State of Minnesota, Appellant, vs. Bret Duane Hannam, Respondent.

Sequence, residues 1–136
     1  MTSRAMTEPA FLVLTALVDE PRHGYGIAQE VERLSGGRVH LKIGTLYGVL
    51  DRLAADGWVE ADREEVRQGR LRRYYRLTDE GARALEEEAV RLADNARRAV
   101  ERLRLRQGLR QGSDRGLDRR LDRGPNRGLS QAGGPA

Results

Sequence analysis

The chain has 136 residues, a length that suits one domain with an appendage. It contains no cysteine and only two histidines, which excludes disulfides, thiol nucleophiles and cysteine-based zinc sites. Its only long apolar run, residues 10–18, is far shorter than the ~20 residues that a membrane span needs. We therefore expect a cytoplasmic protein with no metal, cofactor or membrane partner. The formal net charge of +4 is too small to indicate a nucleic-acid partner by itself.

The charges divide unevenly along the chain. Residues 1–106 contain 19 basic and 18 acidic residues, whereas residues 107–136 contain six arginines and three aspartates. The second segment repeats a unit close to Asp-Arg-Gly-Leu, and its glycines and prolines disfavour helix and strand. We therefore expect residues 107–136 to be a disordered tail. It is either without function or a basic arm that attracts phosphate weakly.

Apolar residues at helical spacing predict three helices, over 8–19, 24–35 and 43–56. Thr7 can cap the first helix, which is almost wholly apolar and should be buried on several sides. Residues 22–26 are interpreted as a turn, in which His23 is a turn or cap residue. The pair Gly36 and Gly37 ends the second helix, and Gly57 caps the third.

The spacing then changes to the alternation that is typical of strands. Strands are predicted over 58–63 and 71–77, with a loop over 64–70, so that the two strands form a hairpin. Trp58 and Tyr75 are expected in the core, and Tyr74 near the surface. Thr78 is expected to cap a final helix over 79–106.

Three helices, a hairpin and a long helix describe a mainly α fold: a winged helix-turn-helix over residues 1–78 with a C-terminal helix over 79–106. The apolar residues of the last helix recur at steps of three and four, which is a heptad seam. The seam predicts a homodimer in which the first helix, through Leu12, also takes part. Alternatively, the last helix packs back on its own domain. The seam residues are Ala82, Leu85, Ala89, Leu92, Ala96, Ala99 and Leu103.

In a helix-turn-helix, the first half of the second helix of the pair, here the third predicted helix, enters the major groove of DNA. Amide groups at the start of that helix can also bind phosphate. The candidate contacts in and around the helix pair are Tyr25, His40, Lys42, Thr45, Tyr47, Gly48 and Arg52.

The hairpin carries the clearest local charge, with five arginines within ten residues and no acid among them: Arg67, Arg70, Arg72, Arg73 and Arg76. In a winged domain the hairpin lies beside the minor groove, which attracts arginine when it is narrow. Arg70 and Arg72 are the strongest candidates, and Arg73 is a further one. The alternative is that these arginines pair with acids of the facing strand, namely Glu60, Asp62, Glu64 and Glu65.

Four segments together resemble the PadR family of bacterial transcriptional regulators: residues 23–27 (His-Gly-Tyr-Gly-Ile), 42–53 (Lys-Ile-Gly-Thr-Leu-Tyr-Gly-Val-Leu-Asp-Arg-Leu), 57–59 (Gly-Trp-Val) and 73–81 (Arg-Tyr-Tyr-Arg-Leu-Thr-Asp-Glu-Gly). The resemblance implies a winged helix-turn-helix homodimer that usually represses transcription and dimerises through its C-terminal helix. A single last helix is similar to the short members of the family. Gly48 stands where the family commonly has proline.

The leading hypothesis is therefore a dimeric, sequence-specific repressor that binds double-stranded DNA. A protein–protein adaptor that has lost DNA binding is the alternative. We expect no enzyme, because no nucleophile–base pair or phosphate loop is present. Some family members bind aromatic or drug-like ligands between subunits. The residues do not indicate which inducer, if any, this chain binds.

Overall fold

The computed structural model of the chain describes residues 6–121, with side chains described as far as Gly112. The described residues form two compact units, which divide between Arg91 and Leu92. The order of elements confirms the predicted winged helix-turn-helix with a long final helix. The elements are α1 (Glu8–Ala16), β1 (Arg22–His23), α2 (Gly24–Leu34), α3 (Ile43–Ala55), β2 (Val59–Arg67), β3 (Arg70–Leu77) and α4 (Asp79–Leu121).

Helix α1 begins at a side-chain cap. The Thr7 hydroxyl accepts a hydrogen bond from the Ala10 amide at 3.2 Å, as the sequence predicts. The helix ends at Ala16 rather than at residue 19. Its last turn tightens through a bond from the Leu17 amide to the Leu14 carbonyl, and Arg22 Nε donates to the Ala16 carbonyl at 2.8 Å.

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STATE OF MINNESOTA IN COURT OF APPEALS A10-52 State of Minnesota, Appellant, vs. Bret Duane Hannam, Respondent. Filed January 18, 2011 Appeal dismissed Peterson, Judge Mower County District Court File No. 50-CR-06-1233 Lori Swanson, Attorney General, St. Paul, Minnesota; and Kristen Nelsen, Mower County Attorney, Jeremy L. Clinefelter, Assistant Mower County Attorney, Austin, Minnesota (for appellant) David W. Merchant, Chief Appellate Public Defender, Michael W. Kunkel, Assistant Public Defender, St. Paul, Minnesota; and Karen R. Duncan, Third District Public Defender, Owatonna, Minnesota (for respondent) Considered and decided by Peterson, Presiding Judge; Hudson, Judge; and Larkin, Judge. SYLLABUS This court lacks authority to modify a sentence that has expired. OPINION PETERSON, Judge The State of Minnesota has filed this appeal challenging the district court s decision to resentence respondent Bret Duane Hannam to 27 months in prison, following this court s remand. See State v. Hannam, No. A08-473, 2009 WL 1311587 (Minn. App. May 12, 2009) (Hannam I) (remanding for resentencing), review denied (Minn. Aug. 11, 2009). On appeal, the state argues that the district court misconstrued this court s decision in Hannam I and that the 27-month sentence represents an impermissible departure from the mandatory minimum sentence required under Minn. Stat. § 609.11, subd. 5(b) (2004). Because the 27-month sentence expired on December 19, 2009, before the state filed its notice of appeal, this court lacks authority to modify the sentence. We, therefore, dismiss this appeal. FACTS In May 2006, after authorities executing a search warrant found four firearms in respondent s camper, respondent was charged with four counts of ineligible person in possession of a firearm under Minn. Stat. § 624.713, subds. 1(b), 2(b) (2004). 1 A jury 1 Respondent was ineligible to possess firearms because he was convicted of first-degree burglary of an occupied dwelling in 1998. See Minn. Stat. § 624.713, subd. 1(b) (2004) (person who has been convicted of committing crime of violence is ineligible to possess firearm); see also Minn. § 624.712, subd. 5 (2004) (defining crime of violence as including burglary in first- through third-degrees under 609.582, subd. 1, 2, or 3). In 1998, respondent was sentenced to 36 months in prison under Minn. Stat. § 609.11, subd. 5(a) (1998), based on the district court s determination that he possessed a firearm during 2 found respondent guilty on all four counts, and the district court sentenced him to four concurrent 60-month sentences. On appeal, respondent argued that the search of his camper was invalid, that his convictions arose out of a single behavioral incident, and that the district court abused its discretion in denying his request for a downward departure. Hannam, 2009 WL 1311587, at *1. This court upheld the search, vacated respondent s sentences on three of the four convictions because all of the convictions arose out of the same behavioral incident, and remanded for resentencing on the remaining conviction. Id. at *1-3. At resentencing on October 8, 2009, the state argued that the proper sentence on the remaining conviction was the 60-month mandatory minimum sentence under Minn. Stat. § 609.11, subd. 5(b); respondent countered that this court s opinion in Hannam I directed the district court to impose a 27-month sentence. The district court agreed with respondent s interpretation of this court s opinion and resentenced respondent to 27 months. The district court acknowledged that respondent was in his supervised release period and that he was eligible for release, but respondent indicated that he preferred to complete his sentence in prison. The district court issued an amended order that modified respondent s sentence to 27 months and noted that respondent was subject to commencement of his supervised release period immediately. The parties agree that respondent s 27-month sentence expired on December 19, 2009. The state filed its notice of appeal on January 6, 2010. Following oral arguments, the commission of the burglary. State v. Hannam, 601 N.W.2d 454, 455-56 (Minn. App. 1999), review denied (Minn. Dec. 21, 1999). 3 this court ordered the parties to file supplemental briefs, addressing whether due process prevents an appellate court from reviewing the modification of a sentence when the sentence expired before the state s time to appeal the modified sentence had expired. ISSUE Does this court lack authority to modify respondent s sentence? ANALYSIS The parties agree that respondent s sentence expired on December 19, 2009, more than two months after the 27-month sentence was imposed at the October 8, 2009, resentencing hearing and more than two weeks before the state filed its notice of appeal on January 6, 2010. Citing Martinek v. State, 678 N.W.2d 714, 718 (Minn. App. 2004), and State v. Purdy, 589 N.W.2d 496, 498 (Minn. App. 1999), respondent argues that his sentence may no longer be modified because it has expired. In Martinek, the district court issued amended sentencing orders that added conditional release terms to two sentences that had expired at least one year before entry of the amended orders. 678 N.W.2d at 717. Noting that [o]nce a sentence has expired, the court no longer has jurisdiction to modify even what may be an unauthorized sentence, this court held that the district court lacked jurisdiction to modify the sentence by adding a conditional release term. Id. at 718-19 (citing Purdy, 589 N.W.2d at 49899). In Purdy, this court concluded that a letter from a law clerk to the department of corrections requesting the addition of a conditional release term to a sentence did not operate to amend the sentence before it expired. 589 N.W.2d at 498-99. Because the 4 sentence was not amended before it expired, this court reversed the district court s denial of Purdy s motion for an order that his sentence had expired and that he was not resentenced. Id. at 499. Purdy, 589 N.W.2d at 498, cites State v. Whitfield, 483 N.W.2d 102, 104 (Minn. App. 1992), for the principle that [t]he expiration of a sentence operates as a discharge that bars further sanctions for a criminal conviction. In Whitfield, this court held that the district court lacked jurisdiction to revoke probation after expiration of a probationary stay, even though the probation-revocation proceeding had commenced before the stay expired. 483 N.W.2d at 104. The state conceded in Purdy that, under Whitfield, the court loses jurisdiction to modify a sentence once the sentence has expired. 589 N.W.2d at 498. In Minnesota, an executed sentence means the total period of time for which an inmate is committed to the custody of the commissioner of corrections. Minn. Stat. § 244.01, subd. 9 (2008). For inmates whose crimes were committed after 1993, the term of imprisonment generally equals two-thirds of the executed sentence, with the remaining one-third of the sentence to be served on supervised release. Minn. Stat. § 244.101, subd. 1 (2008). Once an inmate completes the terms of imprisonment and supervised release, the inmate s sentence expires. See State ex rel. Peterson v. Fabian, 784 N.W.2d 843, 846 (Minn. App. 2010) (noting that sentence expires after completion of term of imprisonment and supervised release); see also Larson v. United States, 995 F. Supp. 969, 972 (D. Minn. 1997) (noting that Minnesota s civil-rights-restoration statute, Minn. Stat. § 609.165, is both plenary and automatic, effective upon expiration of sentence). 5 In this case, respondent served his terms of imprisonment and supervised release in prison, and his entire 27-month sentence expired on December 19, 2009. An appeal may be taken by the defendant or by the state from any sentence imposed by the district court. Minn. Stat. § 244.11, subd. 1 (2008); Minn. R. Crim. P. 28.05, subd. 1. But under the reasoning in Martinek and Purdy, because respondent s sentence has expired, this court, like the district court, has no authority to amend or modify the sentence to impose further sanctions. Therefore, we dismiss this appeal. We recognize that dismissing this appeal defeats the state s right to appeal from respondent s sentence. But this harsh result might have been avoided if the state had promptly filed an appeal from the district court s October 2009 decision and then sought to expedite this court s review. See Minn. R. Crim. P. 28.01, subd. 3 (stating that [f]or good cause, this court may suspend application of any of these rules ); Minn. App. Spec. R. Pract. 1 (allowing this court to expedite cases for good cause ). DECISION Because respondent s sentence has expired, this court has no authority to modify the sentence. Therefore, this appeal is dismissed. Appeal dismissed. 6